ISLAMABAD: The health authorities have discovered that more than 78 per cent of confirmed polio cases in Pakistan involved children who had been administered polio drops.
According to a report compiled by polio eradication section of the National Institute of Health, out of 136 polio cases reported this year, 107 children had been administered polio drops on several occasions under a prescribed schedule.
The data available on the website of the World Health Organisation also indicated that Pakistan had registered the highest number of polio cases in a decade this year.
Officials in the National Polio Control Programme said that the number of polio cases had increased during the last three years after going down for the previous seven years.
They suspected that the vaccine might have lost its efficacy after not having been stored at the required temperature, especially in far-flung areas where electricity supply is disrupted for long hours.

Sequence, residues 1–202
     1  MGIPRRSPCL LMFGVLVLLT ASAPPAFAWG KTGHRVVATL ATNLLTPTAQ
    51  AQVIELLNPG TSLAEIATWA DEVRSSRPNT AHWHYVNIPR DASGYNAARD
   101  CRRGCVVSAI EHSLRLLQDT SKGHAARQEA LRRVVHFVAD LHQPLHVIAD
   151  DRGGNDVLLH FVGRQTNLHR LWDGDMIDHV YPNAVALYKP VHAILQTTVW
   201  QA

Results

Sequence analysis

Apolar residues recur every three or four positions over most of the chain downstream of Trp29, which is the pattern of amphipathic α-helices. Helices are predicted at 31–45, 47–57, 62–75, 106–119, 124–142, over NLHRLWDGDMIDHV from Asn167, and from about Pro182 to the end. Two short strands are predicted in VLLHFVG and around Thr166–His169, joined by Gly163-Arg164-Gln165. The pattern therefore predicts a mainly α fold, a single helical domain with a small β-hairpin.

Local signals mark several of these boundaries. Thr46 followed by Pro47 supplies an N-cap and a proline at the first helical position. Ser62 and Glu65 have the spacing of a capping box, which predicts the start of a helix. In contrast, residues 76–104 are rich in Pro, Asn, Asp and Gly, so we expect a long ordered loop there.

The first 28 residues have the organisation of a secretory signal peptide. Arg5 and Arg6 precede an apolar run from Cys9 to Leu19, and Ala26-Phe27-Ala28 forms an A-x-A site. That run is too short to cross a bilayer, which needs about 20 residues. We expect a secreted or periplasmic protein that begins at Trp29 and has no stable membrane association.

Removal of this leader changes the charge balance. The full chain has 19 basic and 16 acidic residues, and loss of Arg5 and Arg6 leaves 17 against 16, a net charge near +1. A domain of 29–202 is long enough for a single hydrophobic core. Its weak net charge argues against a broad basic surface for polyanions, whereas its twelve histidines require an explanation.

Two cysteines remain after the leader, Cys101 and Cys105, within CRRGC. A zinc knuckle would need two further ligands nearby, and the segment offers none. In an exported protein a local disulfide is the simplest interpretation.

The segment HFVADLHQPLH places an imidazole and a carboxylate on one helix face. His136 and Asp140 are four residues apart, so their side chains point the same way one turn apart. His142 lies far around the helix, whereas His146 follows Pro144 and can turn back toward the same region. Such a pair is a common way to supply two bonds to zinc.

Prof Athar Niaz Rana, head of allergy and immunology department at the Shifa International Hospital, told Dawn: “Vaccine failure and failure to vaccinate are two important factors which have affected the national polio campaign.”
He insisted that “security situation in Khyber-Pakhtunkhwa is also one of the factors which has led to the failure of vaccine in that region.”
Dr Rana pointed out that “the problem of vaccine storage in areas where refrigeration facilities are not available or power supply is discontinued very frequently also affects the efficacy of polio vaccine”.
A health ministry official told Dawn: “It is a WHO-tested vaccine and we have no doubt about its efficacy, although we have a few issues at the district level related to management.”
He said the vaccine was not being used in Pakistan alone but also in several other countries.
“A surge in polio cases in a few areas is because of security reasons and the ministry has developed a comprehensive plan for 2011 to meet the challenge.”